On the Come Up

A 4:45am alarm, an hour-long drive, a hastily eaten $17 breakfast sandwich at PHL and a stuffed-to-the-gills gate is prelude to what will be a 6 hour flight.  I might as well be flying to the UK, it’s so far.  Sometimes it’s hard to fathom that we drove from one coast to another, literally, in 6 days.  Five?  I can’t remember now.  I’ve asked the gate agents if there are any upgrades left, and of course, there are not.  I wasn’t expecting it – clearly everyone is interested in going to San Francisco from Philadelphia at 8am on a Wednesday, even though I questioned the likelihood of this on the drive to the airport.  Answer:  100 percent of everyone is interested.

I am firmly ensconced in my seat in front of the exit row, which, not sure why these seats are considered preferred – there might be 1-1/2 inches of more legroom, but there is no reclining, which was clearly stated when I booked the seat, I just thought it might be a lark.  Anyway, that’s cool, I have the New Yorker, a book of poetry that accompanies me on every flight (Aja Monet’s My Mother Was a Freedom Fighter if you are curious – pretty sure I’ve left at least one dog-eared copy on a plane in the past, YOU ARE WELCOME) and the 2nd Tracey Thorn book on ye olde kindle.  I have a neck pillow that at times does more harm than good, and zero snacks, as I somehow did not have the time or fortitude to consider getting any.  I am resigned to what will be a ravenous hunger when exiting the BART station on Montgomery and know in my heart that the dim sum I will mercilessly devour from Good Mong Kok will taste all the more exquisite due to my current circumstance. 

It is a full flight, and yet, the last passenger has arrived and I am still the lone occupant of my non-reclining row, which either means I’ve hit the jackpot for being a nunce and picking this seat but also YAY ALONE, or my row mates will be boarding late and disheveled.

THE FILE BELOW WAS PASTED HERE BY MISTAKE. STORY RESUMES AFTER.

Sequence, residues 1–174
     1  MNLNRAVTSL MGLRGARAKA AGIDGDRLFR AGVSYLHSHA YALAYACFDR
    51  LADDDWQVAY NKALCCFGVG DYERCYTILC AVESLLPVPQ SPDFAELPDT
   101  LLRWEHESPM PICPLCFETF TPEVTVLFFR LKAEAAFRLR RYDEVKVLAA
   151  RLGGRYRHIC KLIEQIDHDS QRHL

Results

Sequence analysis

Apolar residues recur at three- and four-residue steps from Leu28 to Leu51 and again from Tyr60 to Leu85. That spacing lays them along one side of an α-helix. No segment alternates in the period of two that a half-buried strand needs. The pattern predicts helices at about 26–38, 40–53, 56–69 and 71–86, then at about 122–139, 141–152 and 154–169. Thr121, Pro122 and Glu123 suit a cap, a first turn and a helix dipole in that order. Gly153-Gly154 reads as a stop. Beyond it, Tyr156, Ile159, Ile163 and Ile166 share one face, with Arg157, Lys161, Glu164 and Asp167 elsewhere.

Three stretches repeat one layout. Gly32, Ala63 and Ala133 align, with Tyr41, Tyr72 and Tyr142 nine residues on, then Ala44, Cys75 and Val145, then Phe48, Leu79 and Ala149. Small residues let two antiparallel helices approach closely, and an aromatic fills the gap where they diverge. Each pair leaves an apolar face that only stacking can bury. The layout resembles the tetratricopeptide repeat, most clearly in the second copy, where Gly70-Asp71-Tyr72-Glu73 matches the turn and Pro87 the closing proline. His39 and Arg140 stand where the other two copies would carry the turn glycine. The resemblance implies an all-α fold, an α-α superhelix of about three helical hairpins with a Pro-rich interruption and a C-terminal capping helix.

All of a sudden, a very well-dressed and coiffed gentleman perhaps 10 years my junior approaches.  He leans in and says, “Hi, my daughters are sitting in those two seats –  (his daughters are timidly behind him, ages roughly 5 to 8?  Who knows, they are small with brightly princessed backpacks) – and I was wondering…” my brain pauses here, as this is clearly my punishment for either staying up too late, or renouncing Catholicism, or lying about having a boyfriend in the seventh grade – this nicely put-together man is about to ask me if I will keep an eye on his daughters for the flight.  Surely they are well-behaved and I won’t have to really do anything but pass them stuff and make sure they don’t choke or something, and I’m feeling generous, BUT THEN:

“…I was wondering if you would mind switching seats with me, I’m in first class but I’d love to be able to sit with them.”

I probably can die now, or buy a lottery ticket, or something to that end because this kind of nice thing doesn’t happen that often.  To me.  Without hesitation I tell him of course I will switch, and all of a sudden I am in 5B, in the land of noise-canceling wireless headphones on many dudes and gel nails on many ladeez.  There is a Very Good Baby in the row in front of me.  I ask the flight attendant if the nice gentleman would still want his meal, and they say they can’t give it to him now.  This makes me sad but not sad enough to bring him my fruit plate.  

However:  I will indeed figure out how to pay this forward, and tout-suite, as I don’t think it serves to let this kind of gesture just sit endlessly, without action. This is not a repayment for something magnanimous I’ve already done.  This is a clarion call to give something to someone else – with simplicity but extravagance – at my next available opportunity.  It’s too twee to say that this is the hand of my dead mother, who loved to fly and loved first class more than anything, but couldn’t do it often.  It’s too precious to say that because I’m yet again going back to her city that this is her doing.  Isn’t it?

Also, this flight is rerouted now for an extra hour of travel due to weather.  Through Texas.  Where she lived.

Real silverware, Mom.  Real fucking silverware.